If your family falls into the category of “cranky kin,” perhaps the K.I.S.S. method will work for you: Keep It Short and Seldom. Limit your number of visits per year. Arrive late and leave early. Shorten your exposure to those who may not always have your best interest in mind. As a preventive measure, pretend you possess a powerful Emotional Immune System and let its powers help protect you from behaviors that may otherwise regress you into a state of emotional adolescence. Remind yourself that you’re an adult and no longer need parental approval. Similarly, you no longer have to compete with surly siblings who try to back you into a corner.

Show up if you must, but don’t be an active participant. If someone tries to hook you, don’t take the bait; let them be disappointed, not you. Should you find yourself getting affected by someone’s remarks, casually (not angrily) leave the room. Remind yourself that how other people behave makes a statement about them (and their hang-ups), not about you.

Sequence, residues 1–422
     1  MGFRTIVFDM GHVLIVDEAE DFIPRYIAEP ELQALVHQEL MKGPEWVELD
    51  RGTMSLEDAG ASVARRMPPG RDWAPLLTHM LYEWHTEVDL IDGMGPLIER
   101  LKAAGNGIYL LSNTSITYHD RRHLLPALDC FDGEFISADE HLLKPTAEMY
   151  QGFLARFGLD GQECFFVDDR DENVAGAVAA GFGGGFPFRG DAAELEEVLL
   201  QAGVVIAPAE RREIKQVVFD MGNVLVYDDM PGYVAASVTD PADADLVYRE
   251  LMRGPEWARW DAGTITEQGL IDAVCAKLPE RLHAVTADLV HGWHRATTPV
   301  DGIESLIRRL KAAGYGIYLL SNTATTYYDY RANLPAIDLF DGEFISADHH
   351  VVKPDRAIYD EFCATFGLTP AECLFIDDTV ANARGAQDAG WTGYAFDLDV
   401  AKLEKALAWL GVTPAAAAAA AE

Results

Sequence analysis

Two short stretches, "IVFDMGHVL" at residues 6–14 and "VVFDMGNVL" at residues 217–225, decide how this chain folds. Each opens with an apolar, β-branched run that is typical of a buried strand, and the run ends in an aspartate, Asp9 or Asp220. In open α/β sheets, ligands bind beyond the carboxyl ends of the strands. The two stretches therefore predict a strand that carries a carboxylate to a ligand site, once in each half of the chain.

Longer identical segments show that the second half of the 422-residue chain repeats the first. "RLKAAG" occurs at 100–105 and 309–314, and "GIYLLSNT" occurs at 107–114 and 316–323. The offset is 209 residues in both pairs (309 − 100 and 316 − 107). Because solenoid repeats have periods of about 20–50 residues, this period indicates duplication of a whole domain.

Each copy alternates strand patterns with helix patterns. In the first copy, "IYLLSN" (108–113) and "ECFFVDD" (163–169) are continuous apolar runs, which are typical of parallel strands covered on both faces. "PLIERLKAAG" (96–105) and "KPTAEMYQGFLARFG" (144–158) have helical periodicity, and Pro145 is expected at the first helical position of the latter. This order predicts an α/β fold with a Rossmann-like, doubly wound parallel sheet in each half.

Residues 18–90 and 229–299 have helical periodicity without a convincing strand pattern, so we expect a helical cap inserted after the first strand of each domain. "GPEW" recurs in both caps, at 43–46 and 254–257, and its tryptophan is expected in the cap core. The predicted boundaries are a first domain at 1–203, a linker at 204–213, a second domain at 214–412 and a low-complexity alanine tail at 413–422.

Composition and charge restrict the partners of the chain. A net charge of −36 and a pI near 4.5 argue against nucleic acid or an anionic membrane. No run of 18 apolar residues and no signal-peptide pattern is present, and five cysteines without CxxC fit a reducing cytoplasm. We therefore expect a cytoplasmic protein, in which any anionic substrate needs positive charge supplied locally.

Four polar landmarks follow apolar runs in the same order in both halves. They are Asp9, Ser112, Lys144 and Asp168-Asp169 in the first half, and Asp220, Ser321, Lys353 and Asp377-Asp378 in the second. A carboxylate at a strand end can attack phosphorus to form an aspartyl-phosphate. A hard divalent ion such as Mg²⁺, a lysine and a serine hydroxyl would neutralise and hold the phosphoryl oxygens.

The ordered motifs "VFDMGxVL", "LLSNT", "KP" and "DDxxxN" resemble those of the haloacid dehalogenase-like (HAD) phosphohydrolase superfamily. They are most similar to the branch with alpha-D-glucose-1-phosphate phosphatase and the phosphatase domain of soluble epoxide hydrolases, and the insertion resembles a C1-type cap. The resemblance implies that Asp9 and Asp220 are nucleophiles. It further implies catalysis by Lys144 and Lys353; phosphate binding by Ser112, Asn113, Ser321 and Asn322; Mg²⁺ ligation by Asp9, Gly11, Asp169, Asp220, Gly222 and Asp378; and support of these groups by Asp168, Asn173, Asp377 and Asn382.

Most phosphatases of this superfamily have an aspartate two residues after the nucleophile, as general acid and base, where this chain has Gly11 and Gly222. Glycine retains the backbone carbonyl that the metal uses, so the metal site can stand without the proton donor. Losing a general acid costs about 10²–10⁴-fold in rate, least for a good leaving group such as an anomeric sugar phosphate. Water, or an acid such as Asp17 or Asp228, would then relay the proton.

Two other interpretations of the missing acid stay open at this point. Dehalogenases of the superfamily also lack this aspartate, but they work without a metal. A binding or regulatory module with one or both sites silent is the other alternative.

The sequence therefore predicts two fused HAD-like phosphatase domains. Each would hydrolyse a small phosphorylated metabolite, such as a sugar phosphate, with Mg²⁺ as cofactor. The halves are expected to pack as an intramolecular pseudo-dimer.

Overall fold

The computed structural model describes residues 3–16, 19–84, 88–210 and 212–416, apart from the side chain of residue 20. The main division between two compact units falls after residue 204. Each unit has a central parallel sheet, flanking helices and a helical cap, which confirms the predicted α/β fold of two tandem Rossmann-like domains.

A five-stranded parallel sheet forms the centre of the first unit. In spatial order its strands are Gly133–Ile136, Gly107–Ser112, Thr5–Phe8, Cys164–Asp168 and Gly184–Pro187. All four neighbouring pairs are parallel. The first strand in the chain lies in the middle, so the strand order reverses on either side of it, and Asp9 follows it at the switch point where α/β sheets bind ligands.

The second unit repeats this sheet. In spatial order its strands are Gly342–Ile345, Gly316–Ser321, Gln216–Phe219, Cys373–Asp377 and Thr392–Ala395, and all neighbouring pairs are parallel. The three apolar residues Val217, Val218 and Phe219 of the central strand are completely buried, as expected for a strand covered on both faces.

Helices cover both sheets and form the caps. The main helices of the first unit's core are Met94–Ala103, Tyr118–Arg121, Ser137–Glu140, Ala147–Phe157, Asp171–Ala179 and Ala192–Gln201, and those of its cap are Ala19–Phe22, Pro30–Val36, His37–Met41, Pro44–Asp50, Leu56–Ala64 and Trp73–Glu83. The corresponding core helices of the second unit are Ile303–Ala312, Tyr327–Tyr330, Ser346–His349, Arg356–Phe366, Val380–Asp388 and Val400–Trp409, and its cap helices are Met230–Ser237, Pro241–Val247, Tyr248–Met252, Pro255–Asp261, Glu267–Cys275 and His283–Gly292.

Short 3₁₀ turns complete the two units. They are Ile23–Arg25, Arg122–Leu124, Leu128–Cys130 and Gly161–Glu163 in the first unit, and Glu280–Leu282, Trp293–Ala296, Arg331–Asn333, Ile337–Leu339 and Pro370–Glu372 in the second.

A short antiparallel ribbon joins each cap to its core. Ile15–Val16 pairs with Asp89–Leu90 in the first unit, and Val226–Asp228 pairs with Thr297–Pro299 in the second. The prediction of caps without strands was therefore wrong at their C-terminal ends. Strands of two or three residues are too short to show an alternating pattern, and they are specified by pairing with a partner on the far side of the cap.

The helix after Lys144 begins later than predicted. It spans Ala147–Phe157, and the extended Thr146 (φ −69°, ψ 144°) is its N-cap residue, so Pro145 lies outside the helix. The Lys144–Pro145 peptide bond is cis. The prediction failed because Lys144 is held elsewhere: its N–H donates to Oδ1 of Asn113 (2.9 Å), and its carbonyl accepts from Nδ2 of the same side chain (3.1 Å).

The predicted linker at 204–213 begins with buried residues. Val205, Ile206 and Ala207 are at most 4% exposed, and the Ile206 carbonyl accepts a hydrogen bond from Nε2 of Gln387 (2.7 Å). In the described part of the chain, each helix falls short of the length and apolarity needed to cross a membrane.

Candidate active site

If your situation is extreme; that is, you bear an unhappy past and go home only to be assailed with criticism, put downs, or guilt, ask yourself why you’re going out of your way to appease people you’ll never be able to please. Maybe it’s time to permanently withdraw, but before you take this difficult step, read “If You Had Controlling Parents” by Dan Neuharth who outlines numerous constructive ways of preventing your past from contaminating your present.

Some Thoughts on Gifts and Giving